Between the start of the project and the new publication, McNew obtained her Ph.D. at the University of Utah, and she is currently a postdoctoral fellow at the Cornell Laboratory of Ornithology at Cornell University. During her training, she became skilled in statistical and spatial modeling, skills that allowed her to take the project beyond its original goals. For example, she used the models of bird and parasite diversity to create high-resolution maps of species richness and species turnover across Peru. These maps, made freely available along with the publication of the paper, provide rich information to guide the conservation of biodiversity. They show not only where many species occur together, but where strikingly different communities come into proximity and, accordingly, are expected to be of high conservation value.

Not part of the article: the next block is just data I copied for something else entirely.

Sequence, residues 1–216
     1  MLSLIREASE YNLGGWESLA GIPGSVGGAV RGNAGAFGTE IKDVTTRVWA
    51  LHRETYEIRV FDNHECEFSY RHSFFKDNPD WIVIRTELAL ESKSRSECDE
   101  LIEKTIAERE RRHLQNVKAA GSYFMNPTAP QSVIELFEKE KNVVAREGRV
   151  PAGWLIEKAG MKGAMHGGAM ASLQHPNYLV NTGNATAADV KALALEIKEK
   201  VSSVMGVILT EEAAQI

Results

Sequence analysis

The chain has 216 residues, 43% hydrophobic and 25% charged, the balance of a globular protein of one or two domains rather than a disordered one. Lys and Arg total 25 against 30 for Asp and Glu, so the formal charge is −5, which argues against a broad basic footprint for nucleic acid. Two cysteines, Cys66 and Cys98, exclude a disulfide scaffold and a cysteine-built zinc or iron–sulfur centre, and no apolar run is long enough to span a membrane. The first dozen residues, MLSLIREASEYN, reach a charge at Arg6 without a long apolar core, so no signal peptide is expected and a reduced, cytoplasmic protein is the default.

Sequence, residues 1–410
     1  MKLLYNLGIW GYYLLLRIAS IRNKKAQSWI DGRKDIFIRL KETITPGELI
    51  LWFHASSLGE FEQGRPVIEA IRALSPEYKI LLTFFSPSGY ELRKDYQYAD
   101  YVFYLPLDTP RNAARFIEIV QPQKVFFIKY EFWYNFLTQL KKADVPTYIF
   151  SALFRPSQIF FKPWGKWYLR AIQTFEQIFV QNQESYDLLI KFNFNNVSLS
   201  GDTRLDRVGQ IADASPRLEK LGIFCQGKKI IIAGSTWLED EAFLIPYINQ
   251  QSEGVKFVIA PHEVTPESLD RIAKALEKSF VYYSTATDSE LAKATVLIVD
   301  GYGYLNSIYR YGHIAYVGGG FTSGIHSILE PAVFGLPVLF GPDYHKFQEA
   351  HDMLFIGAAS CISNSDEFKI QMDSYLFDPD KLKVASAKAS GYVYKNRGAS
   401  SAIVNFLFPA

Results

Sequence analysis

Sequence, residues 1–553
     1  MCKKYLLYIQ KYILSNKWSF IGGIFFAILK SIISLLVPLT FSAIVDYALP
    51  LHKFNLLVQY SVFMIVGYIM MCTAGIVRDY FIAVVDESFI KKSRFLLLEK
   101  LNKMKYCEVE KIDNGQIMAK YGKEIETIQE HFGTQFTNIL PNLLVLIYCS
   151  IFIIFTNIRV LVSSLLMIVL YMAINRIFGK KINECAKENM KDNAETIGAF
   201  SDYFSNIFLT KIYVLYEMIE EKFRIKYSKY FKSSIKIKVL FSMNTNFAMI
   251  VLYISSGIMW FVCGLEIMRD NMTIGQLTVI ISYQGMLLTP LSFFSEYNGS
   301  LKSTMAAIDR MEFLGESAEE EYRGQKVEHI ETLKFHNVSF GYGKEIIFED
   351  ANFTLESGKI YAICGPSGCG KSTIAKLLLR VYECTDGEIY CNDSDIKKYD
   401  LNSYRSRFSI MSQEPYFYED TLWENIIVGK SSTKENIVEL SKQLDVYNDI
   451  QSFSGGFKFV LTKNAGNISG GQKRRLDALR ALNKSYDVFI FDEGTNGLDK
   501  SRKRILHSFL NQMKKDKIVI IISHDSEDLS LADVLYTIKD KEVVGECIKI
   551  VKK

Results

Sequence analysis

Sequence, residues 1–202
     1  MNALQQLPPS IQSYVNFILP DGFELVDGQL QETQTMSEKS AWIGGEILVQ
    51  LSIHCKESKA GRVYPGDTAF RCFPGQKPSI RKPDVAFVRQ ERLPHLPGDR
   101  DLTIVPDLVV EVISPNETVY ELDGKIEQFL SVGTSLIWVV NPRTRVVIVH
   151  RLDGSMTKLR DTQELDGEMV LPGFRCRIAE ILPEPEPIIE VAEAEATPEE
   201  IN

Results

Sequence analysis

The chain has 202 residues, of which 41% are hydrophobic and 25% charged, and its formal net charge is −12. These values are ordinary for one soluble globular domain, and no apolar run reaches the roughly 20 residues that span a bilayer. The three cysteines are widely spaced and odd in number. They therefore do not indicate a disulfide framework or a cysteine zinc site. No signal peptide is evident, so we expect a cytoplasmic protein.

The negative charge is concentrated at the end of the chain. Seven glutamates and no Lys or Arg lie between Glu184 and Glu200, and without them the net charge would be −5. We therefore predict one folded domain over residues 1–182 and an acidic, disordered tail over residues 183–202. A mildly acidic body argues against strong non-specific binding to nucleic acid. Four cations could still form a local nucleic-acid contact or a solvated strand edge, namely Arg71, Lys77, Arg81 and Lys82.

UNM’s Museum of Southwestern Biology started its field research program in Peru in 2006, under Witt’s direction, and in collaboration with the Centro de Ornitología y Biodiversidad del Perú (CORBIDI), a Peruvian non-governmental organization dedicated to biodiversity science and conservation. The Field Museum of Natural History in Chicago also had conducted field research with CORBIDI in Peru, often cooperating with UNM on training students and planning expeditions. Researchers from the three institutions traveled to remote parts of Peru for more than a decade to compile the samples used in this study. They often used mules or horses to reach remote camps while carrying bulky liquid-nitrogen tanks that were needed to preserve high-quality frozen samples. “The physical challenges associated with this kind of fieldwork are daunting,” said Witt, “and the meticulous, plodding work of building natural history collections is often thankless, at least in the short term.”